2. Limited for its purpose: Data can only be collected for a specified, explicit and legitimate purpose.
3. Data minimisation: Any data collected must be adequate, relevant and limited to what is necessary .
4. Accurate: The data we hold must be accurate and kept up to date.
5. Retention: We cannot store data which permits identification of data subjects longer than necessary.
6. Integrity and confidentiality: The data we hold must be kept safe and secure using appropriate technical or organisational measures.
Accountability and transparency
We must ensure accountability and transparency in how we process personal data. In support of this, we will only process personal data in accordance with the purpose(s) for which it was collected and this purpose is provided to data subjects at the point of collection. We will ensure that we inform Data Subjects of such purposes and where consent is required for processing the personal data, we will ensure we obtain data subjects’ explicit consent.
If your activity involves the collection of personal data, you are responsible for maintaining a personal data processing record of all the activities undertaken. This written record must include:
The nature of the personal data being processed,
The purpose for processing, the legal basis (e.g. legitimate interest, consent, contract), Where the legal basis is consent, a record of the individual consents must be recorded.
The method of informing data subjects, e.g. privacy notices
The physical, organisational and technical controls used to protect the personal data from theft, loss, misuse, unauthorised access or disclosure.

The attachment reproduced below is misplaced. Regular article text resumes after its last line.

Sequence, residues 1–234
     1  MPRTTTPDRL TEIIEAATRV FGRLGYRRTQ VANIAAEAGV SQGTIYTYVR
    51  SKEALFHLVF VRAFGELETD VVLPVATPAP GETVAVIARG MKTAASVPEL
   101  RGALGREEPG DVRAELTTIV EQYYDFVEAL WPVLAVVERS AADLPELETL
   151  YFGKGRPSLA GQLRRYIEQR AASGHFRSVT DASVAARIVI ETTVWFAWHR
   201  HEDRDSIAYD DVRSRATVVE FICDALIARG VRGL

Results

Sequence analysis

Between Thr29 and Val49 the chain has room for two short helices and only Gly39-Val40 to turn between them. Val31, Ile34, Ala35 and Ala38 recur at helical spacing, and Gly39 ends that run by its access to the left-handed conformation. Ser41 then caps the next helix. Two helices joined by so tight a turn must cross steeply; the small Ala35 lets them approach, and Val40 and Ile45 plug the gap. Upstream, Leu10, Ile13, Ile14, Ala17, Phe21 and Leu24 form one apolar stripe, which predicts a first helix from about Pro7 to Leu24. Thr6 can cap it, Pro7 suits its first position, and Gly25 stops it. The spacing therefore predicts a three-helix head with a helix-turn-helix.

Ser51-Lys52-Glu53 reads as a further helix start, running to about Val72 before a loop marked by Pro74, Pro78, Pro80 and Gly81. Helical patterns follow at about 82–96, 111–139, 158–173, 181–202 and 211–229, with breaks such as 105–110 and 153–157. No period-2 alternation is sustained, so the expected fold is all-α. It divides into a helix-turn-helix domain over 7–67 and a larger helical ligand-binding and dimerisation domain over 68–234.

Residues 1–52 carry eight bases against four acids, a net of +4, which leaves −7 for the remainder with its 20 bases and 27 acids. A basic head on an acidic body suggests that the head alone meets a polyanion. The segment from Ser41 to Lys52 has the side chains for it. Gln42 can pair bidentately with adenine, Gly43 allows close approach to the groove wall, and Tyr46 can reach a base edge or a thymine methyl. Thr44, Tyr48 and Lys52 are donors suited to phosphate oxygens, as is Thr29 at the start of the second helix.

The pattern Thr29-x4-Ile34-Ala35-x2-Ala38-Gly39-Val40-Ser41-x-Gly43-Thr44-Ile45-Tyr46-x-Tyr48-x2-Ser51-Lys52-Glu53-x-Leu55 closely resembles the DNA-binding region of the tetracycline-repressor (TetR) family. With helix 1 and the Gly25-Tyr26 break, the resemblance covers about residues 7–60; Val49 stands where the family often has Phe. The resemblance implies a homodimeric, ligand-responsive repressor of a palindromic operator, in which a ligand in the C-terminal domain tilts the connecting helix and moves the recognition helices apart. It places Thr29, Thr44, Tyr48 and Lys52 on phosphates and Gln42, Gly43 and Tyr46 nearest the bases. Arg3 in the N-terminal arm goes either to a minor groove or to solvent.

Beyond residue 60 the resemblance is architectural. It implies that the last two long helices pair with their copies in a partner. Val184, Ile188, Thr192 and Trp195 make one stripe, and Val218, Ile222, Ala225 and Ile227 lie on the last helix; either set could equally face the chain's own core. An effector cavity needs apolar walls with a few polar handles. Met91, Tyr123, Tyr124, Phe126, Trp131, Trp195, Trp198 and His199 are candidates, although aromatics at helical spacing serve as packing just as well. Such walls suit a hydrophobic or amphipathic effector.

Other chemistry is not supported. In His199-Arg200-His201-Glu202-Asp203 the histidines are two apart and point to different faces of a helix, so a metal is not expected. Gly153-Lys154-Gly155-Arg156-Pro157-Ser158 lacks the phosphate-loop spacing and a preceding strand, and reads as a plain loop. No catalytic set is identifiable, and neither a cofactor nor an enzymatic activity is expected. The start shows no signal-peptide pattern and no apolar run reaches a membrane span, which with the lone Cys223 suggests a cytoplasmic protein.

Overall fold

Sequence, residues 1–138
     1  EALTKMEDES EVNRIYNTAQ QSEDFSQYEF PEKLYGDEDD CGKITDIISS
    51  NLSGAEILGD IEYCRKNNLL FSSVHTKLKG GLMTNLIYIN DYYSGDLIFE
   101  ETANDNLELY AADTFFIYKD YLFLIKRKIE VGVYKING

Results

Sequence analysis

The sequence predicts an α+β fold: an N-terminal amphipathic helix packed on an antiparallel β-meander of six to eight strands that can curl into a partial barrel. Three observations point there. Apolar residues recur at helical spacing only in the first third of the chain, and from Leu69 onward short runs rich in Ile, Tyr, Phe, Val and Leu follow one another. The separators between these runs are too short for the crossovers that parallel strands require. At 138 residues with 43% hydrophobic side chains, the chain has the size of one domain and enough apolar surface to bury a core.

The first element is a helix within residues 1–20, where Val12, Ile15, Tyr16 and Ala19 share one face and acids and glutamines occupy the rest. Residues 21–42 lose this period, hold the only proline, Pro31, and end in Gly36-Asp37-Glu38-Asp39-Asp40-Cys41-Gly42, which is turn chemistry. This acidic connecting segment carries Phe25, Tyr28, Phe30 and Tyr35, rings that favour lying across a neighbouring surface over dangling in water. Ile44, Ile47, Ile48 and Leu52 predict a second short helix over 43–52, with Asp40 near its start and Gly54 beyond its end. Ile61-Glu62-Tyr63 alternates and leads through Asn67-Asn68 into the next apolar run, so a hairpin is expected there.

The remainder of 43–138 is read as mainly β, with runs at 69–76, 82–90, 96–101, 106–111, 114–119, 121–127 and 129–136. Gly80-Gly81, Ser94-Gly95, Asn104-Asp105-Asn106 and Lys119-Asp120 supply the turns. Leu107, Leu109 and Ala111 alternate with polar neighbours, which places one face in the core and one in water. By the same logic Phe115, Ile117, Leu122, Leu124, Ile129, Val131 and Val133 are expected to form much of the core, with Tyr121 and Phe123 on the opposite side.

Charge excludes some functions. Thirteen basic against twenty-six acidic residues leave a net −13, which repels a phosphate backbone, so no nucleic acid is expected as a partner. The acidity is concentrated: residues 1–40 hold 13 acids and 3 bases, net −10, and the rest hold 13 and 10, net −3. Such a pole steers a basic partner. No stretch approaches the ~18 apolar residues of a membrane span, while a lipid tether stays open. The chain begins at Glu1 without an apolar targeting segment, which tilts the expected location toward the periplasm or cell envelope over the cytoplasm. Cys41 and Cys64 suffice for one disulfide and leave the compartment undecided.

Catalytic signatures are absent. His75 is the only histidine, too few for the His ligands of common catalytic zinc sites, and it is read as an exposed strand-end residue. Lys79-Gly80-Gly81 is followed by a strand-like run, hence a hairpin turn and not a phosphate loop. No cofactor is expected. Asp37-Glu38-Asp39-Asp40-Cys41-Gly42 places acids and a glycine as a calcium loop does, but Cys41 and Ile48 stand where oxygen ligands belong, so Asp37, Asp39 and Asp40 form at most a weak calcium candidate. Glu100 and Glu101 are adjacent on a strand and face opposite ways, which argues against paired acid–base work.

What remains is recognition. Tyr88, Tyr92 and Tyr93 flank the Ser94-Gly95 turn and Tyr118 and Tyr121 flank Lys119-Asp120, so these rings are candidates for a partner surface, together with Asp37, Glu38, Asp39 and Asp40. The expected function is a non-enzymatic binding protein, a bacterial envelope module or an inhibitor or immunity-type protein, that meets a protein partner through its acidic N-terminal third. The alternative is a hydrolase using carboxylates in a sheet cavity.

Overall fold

Where a new personal data processing activity is being considered or changes to an existing personal data processing activity iare being planned, you must complete a Data Protection Impact Assessment (DPIA). Please contact your DPO for further support and guidance on DPIAs.
All personal data processing activities must be reviewed and approved by the DPO prior to any personal data processing activity commencing.
Your responsibility is to comply with each of the Principles whenever you process personal information during your activities as a member of staff, volunteer or contractor. To comply with data protection laws and the accountability and transparency Principles, we must demonstrate compliance. You are responsible for understanding your particular responsibilities to ensure we are able to demonstrate our compliance (see Supporting Guidance).
Fair and lawful processing
We must process personal data fairly and lawfully in accordance with individuals’ rights under the first Principle. This generally means that we should not process personal data unless the individual whose details we are processing has consented to this happening.